John Horgan on hurling: Limerick and Clare will set up All-Ireland rematch

Semi-final crackers in Croke Park will thrill hurling fans this weekend
John Horgan on hurling: Limerick and Clare will set up All-Ireland rematch

Peter Duggan of Clare takes a sideline cut during the Munster final loss to Limerick in Thurles. Picture: Piaras Ó Mídheach/Sportsfile

WHATEVER transpires in the weekend’s All-Ireland hurling semi-finals, let’s hope that in their aftermath we won’t be talking about what went on in the Armagh v Galway football quarter-final last Sunday.

Firstly, it was a terrific game of football, one of the best we have witnessed this season and it was a pity that there was more spoken about the mass brawl at the end of regulation time and the subsequent penalty shootout than what happened on the field of play.

It was a shame that such a great game had to be decided by penalties; it’s the wrong way to decide a game of such magnitude.

Okay, everybody knew the rules beforehand, but surely when two amateur teams cannot be separated after 90-plus minutes, a replay, somehow, should have been pencilled in.

The inter-county season is much condensed now and that’s fair enough, but when it comes to quarter-finals and semi-finals, provision should be made for replays and not have a team go out on penalties.

The brawl was a shocking spectacle and again that could have been avoided by not having the two teams returning to the dressing rooms on the same side of the field at the same time.

The GAA will say that one team should have waited for the other to go in and then follow. Easier said than done when two sets of players are so fired up and wanting to go off the field as quickly as possible to regroup for the 20 minutes extra-time.

Rocket science isn’t required in situations like this.

Back to the hurling and the two All-Ireland semi-finals that will command huge attention over the next two days.

It’s a pity that there won’t be the heightened interest here on Leeside that there would have been if Cork were involved, as they were last season when they downed Kilkenny. This season is water under the bridge now for Cork and it’s all about Limerick, Clare, Galway, and Kilkenny this weekend.

The consensus is that Limerick will emerge victorious from their semi-final with Galway while Clare might be marginal favourites against Kilkenny.

If that comes to pass we would have a repeat of that epic Munster final between the near neighbours and that game would probably fill Croke Park twice over.

Oisín O'Reilly of Limerick retains possession, under pressure from David McInerney. Picture: Ray McManus/Sportsfile
Oisín O'Reilly of Limerick retains possession, under pressure from David McInerney. Picture: Ray McManus/Sportsfile

Of course, there’s no guarantee of such a happening and with any Kilkenny team in Croke Park at the business end of the season, everybody else has reason to be wary.

Maybe they are nowhere near the Kilkenny team that won the four-in-a-row and the favourites’ tag does not accompany them like it once did.

However, there is still a hard core of players on this Cats team who know what winning is all about and what needs to be done to win again.

What Kilkenny still have is a huge work-rate and intensity to succeed, something that every Kilkenny team that Brian Cody ever sent out had. They were not particularly great against Galway in the Leinster final and a 22-point return that day is low enough by modern-day hurling standards.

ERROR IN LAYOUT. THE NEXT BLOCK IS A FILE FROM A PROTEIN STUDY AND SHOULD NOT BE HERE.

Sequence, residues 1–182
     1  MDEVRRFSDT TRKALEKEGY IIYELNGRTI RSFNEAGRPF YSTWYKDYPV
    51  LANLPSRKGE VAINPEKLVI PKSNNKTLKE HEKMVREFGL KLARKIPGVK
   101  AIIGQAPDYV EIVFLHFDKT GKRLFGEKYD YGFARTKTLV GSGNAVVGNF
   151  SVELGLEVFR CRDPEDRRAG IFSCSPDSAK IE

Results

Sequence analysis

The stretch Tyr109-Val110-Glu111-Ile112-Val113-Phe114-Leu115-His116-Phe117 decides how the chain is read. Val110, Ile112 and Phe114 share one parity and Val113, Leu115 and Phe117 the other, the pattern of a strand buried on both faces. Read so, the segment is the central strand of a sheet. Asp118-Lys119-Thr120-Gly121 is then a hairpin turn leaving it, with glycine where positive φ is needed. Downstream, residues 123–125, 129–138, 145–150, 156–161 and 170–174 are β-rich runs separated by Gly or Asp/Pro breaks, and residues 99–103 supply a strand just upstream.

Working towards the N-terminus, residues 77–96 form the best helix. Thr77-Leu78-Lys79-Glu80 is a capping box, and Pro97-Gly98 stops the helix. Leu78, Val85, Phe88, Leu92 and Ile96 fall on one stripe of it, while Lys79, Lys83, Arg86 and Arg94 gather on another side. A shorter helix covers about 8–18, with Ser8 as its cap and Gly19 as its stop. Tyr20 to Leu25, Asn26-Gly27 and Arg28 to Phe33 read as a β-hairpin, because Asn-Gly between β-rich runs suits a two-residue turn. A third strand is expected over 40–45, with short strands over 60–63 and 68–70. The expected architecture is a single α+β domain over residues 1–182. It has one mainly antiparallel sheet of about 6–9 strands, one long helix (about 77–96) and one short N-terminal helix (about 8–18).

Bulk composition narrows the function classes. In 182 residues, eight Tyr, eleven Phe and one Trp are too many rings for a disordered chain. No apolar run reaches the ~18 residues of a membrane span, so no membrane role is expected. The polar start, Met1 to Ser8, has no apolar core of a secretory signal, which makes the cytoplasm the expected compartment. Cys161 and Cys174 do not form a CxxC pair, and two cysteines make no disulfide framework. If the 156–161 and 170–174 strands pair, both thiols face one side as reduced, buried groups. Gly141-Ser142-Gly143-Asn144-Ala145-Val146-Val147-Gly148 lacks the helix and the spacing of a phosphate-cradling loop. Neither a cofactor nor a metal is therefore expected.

On the other side, Galway only registered 17 points with just seven arriving from open play. Any repeat of that against Limerick and they will be a well-beaten docket at the end.


Kilkenny don’t win All-Ireland semi-finals like they used, but this is their third one in three seasons and that experience and of playing in Croke Park so often, far more often than Clare in recent times, has to be a benefit.

But Clare have been wonderful this season, a breath of fresh air really, and when all seemed lost against Wexford they dug deep to secure the victory.

The Clare bench was influential against Wexford and Alan Shanagher turned the game in their favour.

Shane Meehan too made an impact on a day when Tony Kelly didn’t come into his own until the latter stages.

Shane O’Donnell is back to his best and Ryan Taylor is a troublesome individual for any opposition defence.

You never, ever write off a Kilkenny team but Clare look a more balanced unit with John Conlon marshalling the defence superbly. 

Galway are in the favourable position of knowing that everybody has written them off.

Perfect for Henry Shefflin and he’ll use that to their benefit, no doubt. And as we have stated previously, there’s one good game in a Galway hurling team every year and in the past that has been in All-Ireland semi-finals.

They have regained the bit of momentum that was lost in the Leinster final and beating any Cork team in the All-Ireland series has to be good for confidence, even if Cork threw away the game with the amount of chances that were squandered.

But let’s be honest, this is the best Limerick bunch of hurlers that have ever graced a GAA field.

They have enormous strength in depth, the most astute management team in the business, and the carrot of three-in-a-row is now huge.

In fact, they might easily be going for five-in-row.

Every great team loses eventually and Limerick’s day will come too, but the belief is that day is still a bit in the distance.

Simply put, all evidence suggests that they will be back in Croke Park again a fortnight later.

And there is every chance that we will get the second version of that enthralling Munster final.

Verdict: Limerick and Clare.

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